When LSU clinched its first trip to the College World Series in six years, it gave 6-foot-6, 247-pound right-hander Paul Skenes a chance to break an NCAA strikeout record that has stood for more than three decades.
Skenes — who’ll likely make his next start Saturday night against Tennessee in Omaha, Nebraska — is 15 strikeouts from eclipsing former LSU star Ben McDonald’s 1989 mark of 202.
“Obviously, that’s in the back of my mind,” said Skenes, who has averaged just more than 11 strikeouts per appearance this season. “But the fact that I get to pitch again with this team, with these boys on the biggest stage, that’s the coolest opportunity that I could have asked for.”
If LSU wins at least twice in the CWS’s eight-team, double-elimination format, Skenes should get at least two starts.
“I’m hoping for three,” Skenes said with a smile, referring to the maximum number of appearances he could make if LSU advances to the best-of-three championship series.
“Things are pretty good if he pitches three more times,” LSU coach Jay Johnson said with a knowing smile. “And because of him, we’ll have a chance to do that.”
Then again, it’s not beyond Skenes’ ability to strike out 15 in one game. With a fastball that routinely clocks 101 mph, complemented by a sharp-breaking slider and deceptive changeup, Skenes has averaged a nation-leading 15.8 strikeouts per nine innings this season.
Skenes struck out nine in 7 2/3 innings last Saturday night in a 14-0 victory over Kentucky in Game 1 of the Baton Rouge super regional. Afterward, Wildcats coach Nick Mingione summed up the LSU fireballer’s performance this way: “No. 1, he was up to 102 miles an hour, and No. 2, he threw more off-speed pitches than he did fastballs. Let that sink in.”
Even if Skenes falls short, he’s turned in one of the most dominant seasons in NCAA history. McDonald pitched in a different era when starters went deeper into games. His 202 strikeouts were compiled over 152 1/3 innings. Skenes’ 188 strikeouts have come during 107 innings pitched.
“It would be nice for him to have an opportunity to go two more times,” said former LSU coach Skip Bertman, who coached McDonald and also won five national titles as Tigers coach. “He’s a once-in-a-generation pitcher — like McDonald.”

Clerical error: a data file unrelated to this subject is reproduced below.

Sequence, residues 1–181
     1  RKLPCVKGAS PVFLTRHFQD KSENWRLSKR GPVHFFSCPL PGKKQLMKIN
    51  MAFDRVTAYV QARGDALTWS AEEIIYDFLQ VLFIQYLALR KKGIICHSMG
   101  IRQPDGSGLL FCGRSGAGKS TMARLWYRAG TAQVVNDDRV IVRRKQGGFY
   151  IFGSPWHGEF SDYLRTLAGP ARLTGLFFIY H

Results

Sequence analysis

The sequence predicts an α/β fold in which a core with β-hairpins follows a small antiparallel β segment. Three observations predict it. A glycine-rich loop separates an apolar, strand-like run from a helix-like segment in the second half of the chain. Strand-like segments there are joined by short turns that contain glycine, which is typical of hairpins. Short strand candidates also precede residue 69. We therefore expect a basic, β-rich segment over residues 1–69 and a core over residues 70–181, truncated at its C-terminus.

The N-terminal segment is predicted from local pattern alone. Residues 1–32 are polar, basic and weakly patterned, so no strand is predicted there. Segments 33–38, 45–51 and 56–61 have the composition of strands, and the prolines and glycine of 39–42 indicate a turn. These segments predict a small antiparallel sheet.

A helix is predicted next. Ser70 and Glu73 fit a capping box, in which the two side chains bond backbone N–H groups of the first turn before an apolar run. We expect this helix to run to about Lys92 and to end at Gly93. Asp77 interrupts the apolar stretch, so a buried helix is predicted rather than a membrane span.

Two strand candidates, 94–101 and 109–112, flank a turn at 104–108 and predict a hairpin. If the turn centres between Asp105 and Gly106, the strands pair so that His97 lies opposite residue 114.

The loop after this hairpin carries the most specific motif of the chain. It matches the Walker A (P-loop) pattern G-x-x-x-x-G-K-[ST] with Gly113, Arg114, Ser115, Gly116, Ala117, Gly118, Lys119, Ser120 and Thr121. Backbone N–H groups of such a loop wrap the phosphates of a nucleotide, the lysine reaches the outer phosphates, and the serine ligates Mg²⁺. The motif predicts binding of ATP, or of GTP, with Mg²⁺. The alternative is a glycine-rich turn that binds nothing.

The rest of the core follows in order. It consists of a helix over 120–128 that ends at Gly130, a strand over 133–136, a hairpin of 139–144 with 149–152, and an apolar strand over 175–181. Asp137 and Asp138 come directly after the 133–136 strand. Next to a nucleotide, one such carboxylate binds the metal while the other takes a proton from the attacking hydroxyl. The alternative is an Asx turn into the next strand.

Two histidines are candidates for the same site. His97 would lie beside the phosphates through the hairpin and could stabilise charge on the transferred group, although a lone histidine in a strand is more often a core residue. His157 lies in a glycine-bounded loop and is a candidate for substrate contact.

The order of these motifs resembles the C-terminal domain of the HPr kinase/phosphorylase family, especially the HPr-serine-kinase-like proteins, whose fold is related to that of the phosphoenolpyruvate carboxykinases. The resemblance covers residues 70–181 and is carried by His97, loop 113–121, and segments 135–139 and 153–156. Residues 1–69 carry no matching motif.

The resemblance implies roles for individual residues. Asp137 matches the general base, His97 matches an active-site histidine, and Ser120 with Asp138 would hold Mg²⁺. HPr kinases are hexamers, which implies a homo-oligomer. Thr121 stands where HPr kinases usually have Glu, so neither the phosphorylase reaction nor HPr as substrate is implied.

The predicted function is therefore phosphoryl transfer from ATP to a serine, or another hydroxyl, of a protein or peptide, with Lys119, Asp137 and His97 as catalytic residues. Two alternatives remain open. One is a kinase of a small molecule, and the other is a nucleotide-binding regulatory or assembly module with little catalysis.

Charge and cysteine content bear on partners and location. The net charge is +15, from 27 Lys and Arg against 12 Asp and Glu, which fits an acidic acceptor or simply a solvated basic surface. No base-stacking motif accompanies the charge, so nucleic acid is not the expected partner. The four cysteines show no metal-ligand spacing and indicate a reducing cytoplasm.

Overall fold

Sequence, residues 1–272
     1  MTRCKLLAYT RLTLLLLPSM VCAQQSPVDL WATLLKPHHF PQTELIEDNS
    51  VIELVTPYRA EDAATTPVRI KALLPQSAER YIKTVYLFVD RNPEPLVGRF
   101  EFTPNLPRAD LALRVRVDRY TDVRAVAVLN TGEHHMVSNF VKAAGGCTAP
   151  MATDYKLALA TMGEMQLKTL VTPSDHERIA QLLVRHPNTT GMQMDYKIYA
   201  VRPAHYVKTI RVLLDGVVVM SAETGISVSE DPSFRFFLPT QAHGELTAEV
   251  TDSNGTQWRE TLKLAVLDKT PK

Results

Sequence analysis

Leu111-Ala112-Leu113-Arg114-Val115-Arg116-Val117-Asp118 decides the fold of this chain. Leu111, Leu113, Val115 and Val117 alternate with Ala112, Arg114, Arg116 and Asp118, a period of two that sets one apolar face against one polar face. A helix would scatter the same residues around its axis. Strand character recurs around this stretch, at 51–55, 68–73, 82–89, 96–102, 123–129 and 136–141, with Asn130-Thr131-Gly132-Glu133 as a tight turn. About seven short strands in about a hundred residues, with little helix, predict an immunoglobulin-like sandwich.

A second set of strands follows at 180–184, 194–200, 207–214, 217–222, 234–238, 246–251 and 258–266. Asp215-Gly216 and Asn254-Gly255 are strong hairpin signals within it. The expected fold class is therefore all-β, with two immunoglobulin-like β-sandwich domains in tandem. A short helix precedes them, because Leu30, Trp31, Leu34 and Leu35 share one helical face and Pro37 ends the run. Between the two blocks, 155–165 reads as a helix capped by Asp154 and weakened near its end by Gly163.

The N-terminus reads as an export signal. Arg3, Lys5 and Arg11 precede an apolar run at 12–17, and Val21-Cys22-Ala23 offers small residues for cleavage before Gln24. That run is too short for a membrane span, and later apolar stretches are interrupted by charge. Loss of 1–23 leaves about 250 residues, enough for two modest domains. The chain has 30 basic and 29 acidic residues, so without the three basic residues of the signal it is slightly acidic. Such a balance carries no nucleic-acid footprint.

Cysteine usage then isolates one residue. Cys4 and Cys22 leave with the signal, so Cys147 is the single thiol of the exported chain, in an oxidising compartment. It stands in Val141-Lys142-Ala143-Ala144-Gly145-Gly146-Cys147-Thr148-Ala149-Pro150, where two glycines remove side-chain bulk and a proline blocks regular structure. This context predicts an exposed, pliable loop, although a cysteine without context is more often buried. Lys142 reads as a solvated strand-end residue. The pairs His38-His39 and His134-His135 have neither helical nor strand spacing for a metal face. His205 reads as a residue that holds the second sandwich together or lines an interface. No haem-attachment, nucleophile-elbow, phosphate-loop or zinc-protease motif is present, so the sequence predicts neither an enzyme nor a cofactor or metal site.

Skenes’ earned-run average this season is 1.77 and he’s walked just 18 batters.
“The 12 to 13 strikeouts a game, three to four hits, zero or one run up on the board, and being able to count on that at the level we play at and the schedule that we play — maybe somebody’s done it before. I haven’t really seen that,” LSU coach Jay Johnson said. “Stephen Strasburg is the only competitor as far as just execution and talent and domination that I’ve seen” that compares.
Strasburg averaged 16.1 strikeouts per 9 innings over 109 innings — 195 strikeouts total — in 2009 at San Diego State. That summer, the Washington Nationals picked Strasburg first overall in the Major League Baseball draft.
Skenes is projected to be taken in the top two picks, perhaps behind only his LSU teammate centerfielder Dylan Crews, who is hitting .434 this season (.579 in the NCAA tournament).
Unlike Crews, who was a bona fide MLB prospect since high school, Skenes wasn’t sure pro baseball was in his future when he began college at Air Force. He was a two-way player before he transferred to LSU after last season, looking to specialize in pitching and elevate his draft status.
In the process, Johnson said, he’s elevated LSU’s season with more than just his physical attributes.
“He is the most special human being on the planet,” Johnson said. “He’s going to be an ace, a Cy Young winner some day, potential Hall-of-Famer. The character piece matches that talent and you never see that.
“His maturity level in terms of how he prepares, you can’t do it any better from the time an outing is over until the time the next outing starts,” Johnson said, referring to Skenes’ recovery regimen, his video scouting and his throwing between starts. “It’s as elite as you could ask for.”
Skenes also has been able to adjust his in-game approach when he finds he’s not executing certain types of pitches as well as he’d like on a given day, Johnson said.
“He’s dominated no matter what he has or hasn’t brought to the table in a particular outing,” Johnson said. “That’s a mark of a great pitcher.”